Greenheart is a species of tree indigenous to South America which grows in the Guyana and Suriname regions. This hard and moisture-resistant tree, was used in the 17th century to construct alembics, a special type of equipment used to distill rum.
To this date, there are only three wooden alembics left. They once belonged to the Enmore, Port Mourant and Versailles distilleries where they were used in the production of rum. Now, these artifacts of alcohol production are owned by Demerara Distillers. What is more, they are all fully functional, and allow true connoisseurs to enjoy the taste of rum such as it was more than 200 years ago.
Only the finest of rums produced in these wooden alembics will be bottled and included in the Greenheart Collection by Distilia. Our selection is an homage to the traditional methods of rum production in Guyana.
The Port Mourant distillery was founded back in the 19th century. Somewhere between 1813 and 1821, Stephen Mourant began to grow sugar cane on what used to be a cotton plantation. One of the key elements of the production process was the equipment used for distilling molasses, a substance resulting from the refining of sugar. In Port Mourant, this process was accomplished with the use of a double wooden pot still made of the local greenheart wood.
Some sources trace the origins of the distillery back to 1732. According to rum experts, this date was engraved in the metal elements of the alembic used at Port Mourant, which could indicate that the device was older than the distillery itself. This would indicate that the still, or some of its parts, were bought from one of the facilities operating in the Berbice river valley.
First from collection
- Distillery: Uitvlugt
- Distillation year: 1989
- Bottling year: 2021
- Age: 31YO
- Alembic type: Double Wooden Pot Still from Port Mourant
- Limited edition: 218 bottles
- ABV: 47,3%
The unique double wooden pot still allowed the Port Mourant distillery to create rums rich in esters, which made the taste even more luxurious, and the aroma even deeper. Soon, Port Mourant became one of the few distilleries to distribute rum to the British Navy. According to the tradition lasting up to 1970, the members of the British Navy were each given 2 ounces of rum a day.
At the turn of the 20th century, the distillery became part of the British Booker Group corporation. In 1955, as one of the last distilleries in Guyana, it had to halt production. However, this was not the end of the Port Mourant-style rums. The wooden alembic survived the closure of the distillery. At first, it was transported to the Albion distillery, and after that to Uitvlugt. Finally, in 2000 it ended up with its current owner, the Diamond Distillery of Demerara Distillers.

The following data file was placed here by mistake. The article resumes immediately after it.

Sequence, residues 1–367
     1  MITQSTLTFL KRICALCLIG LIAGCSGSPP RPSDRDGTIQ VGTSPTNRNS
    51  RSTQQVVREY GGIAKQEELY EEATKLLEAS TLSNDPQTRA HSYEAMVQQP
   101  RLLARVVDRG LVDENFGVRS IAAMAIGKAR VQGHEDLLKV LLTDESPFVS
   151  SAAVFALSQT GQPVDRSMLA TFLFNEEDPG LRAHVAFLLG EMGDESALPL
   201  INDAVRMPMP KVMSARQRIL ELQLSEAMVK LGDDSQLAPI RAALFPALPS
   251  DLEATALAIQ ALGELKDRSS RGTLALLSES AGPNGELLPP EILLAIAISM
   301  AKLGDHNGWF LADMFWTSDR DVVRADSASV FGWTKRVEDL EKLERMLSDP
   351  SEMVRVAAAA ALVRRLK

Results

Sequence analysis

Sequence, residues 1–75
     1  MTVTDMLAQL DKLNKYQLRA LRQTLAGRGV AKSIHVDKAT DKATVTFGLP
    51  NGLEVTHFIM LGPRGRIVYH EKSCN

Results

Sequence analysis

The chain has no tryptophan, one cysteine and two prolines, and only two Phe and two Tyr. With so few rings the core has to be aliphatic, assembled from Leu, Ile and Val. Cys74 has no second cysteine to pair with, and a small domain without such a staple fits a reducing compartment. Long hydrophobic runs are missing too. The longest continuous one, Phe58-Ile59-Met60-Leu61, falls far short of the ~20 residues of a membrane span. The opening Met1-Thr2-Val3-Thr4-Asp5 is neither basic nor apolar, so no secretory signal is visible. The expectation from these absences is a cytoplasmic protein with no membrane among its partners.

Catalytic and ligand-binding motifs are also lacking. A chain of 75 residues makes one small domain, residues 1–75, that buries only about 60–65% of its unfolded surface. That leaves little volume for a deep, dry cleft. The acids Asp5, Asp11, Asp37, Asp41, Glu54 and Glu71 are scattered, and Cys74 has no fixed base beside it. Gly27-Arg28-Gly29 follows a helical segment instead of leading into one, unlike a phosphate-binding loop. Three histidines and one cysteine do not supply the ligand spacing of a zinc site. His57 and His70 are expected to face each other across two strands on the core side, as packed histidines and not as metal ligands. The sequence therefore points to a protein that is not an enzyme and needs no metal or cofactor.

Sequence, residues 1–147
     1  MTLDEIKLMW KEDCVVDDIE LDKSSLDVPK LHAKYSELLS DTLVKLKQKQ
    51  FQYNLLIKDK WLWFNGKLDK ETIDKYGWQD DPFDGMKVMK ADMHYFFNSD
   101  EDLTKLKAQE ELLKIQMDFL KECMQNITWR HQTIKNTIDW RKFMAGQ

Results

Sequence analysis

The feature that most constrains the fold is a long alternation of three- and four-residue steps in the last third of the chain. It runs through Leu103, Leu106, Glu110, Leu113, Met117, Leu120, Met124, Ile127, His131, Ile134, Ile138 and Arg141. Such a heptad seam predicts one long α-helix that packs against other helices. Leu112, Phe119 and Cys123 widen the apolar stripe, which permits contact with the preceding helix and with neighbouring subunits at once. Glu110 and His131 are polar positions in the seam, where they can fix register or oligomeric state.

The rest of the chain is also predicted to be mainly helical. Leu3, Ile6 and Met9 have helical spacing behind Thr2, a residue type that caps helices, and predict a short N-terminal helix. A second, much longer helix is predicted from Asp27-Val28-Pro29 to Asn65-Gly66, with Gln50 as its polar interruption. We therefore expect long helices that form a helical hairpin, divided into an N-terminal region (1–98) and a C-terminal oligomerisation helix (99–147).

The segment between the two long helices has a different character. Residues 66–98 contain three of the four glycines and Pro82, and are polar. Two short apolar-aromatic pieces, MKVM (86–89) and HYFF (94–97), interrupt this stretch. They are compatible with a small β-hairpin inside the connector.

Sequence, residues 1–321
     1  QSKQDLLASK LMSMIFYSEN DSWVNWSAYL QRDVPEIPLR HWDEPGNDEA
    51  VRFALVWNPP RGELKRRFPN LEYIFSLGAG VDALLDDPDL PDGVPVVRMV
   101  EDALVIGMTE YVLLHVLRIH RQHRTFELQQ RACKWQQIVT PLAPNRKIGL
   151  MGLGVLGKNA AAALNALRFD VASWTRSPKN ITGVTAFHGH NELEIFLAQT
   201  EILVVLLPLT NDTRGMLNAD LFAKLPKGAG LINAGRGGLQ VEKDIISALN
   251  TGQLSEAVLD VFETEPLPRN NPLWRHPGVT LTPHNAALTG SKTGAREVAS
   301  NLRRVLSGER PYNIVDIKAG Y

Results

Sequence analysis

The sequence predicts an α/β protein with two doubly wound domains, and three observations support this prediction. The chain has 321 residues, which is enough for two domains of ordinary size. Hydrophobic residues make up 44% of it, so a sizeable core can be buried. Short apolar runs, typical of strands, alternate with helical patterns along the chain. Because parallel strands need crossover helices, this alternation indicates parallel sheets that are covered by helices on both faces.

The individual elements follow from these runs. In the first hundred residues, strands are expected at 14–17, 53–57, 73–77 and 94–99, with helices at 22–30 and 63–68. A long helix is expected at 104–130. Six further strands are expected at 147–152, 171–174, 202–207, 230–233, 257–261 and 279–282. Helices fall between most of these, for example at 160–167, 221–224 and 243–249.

The rum we are pleased to present was produced back when the alembic belonged to the Uitvlugt distillery. This liquor matured for 31 years in a bourbon barrel, and is the first of the Greenheart Collection.
Second from collection
- Distillery: Enmore
- Distillation year: 1990
- Bottling year: 2021
- Age: 30YO
- Alembic type: Single Wooden Pot Still from Enmore Distillery
- Limited edition: 235 bottles
- ABV: 54,2%
The world’s last Single Wooden Pot Still originated from the Versailles Estate located on the West Bank of the Demerara River. Years later the still was moved first to Enmore, then to Uitvlugt, and finally to its present home in Diamond.
The very same still created this unique spirit, which was produced when the alembic belonged to the Enmore distillery and after spending 30 years in a barrel, it was introduced as a part of the Greenheart series.
92 points – Serge Valentin, whiskyfun.com
„From the famous single wooden pot still that was located at Enmore when this was distilled. A.F.A.I.K. it had been at Versailles before and was then moved to Enmore, then from Enmore to Diamond. But nothing to do with the French kings, I would suppose… Now I love this very Gallic quote, ‘Has God forgotten all I have done for Him?’ (Louis XIV). Big head indeed, Macron is the same (saying that as an Alsatian). Anyway, back to this Versailles… Colour: straw. Nose: oh, oak shavings, charcoal, coriander, aniseed, fennel seeds, whelks and razorfish, fresh almonds and pears, rye bread, sandalwood, lemongrass… It is all extremely subtle, and indeed some kind of anti-Hampden. I cannot not think of the greatest white Pessacs. Old Laville, if that rings a bell. With water: great news, no changes whatsoever. Takes water like a champ. Sublime. Mouth (neat): but this is sublime indeed! Embrocations, all old kinds of plastics, smoked salmon, kippers, sesame, pine nuts, herbal oils, pine liqueurs, bone-dry herbal liqueur (unsweetened chartreuse), embrocations, cedarwood… My this is endless and a tribute to time. Nothing can beat time. With water: careful with water, other than that, this is perfect soft liquorice with a little mint. We need to bow. Finish: not that long but all these resins and oils are just flabbergasting. This saltiness in the aftertaste very much so as well. Comments: remember, time is a key ingredient to aged spirits, only i****s would deny that and say otherwise. As always, try to figure out who’s profiting from the crime. There.”
Serge Valentin, whiskyfun.com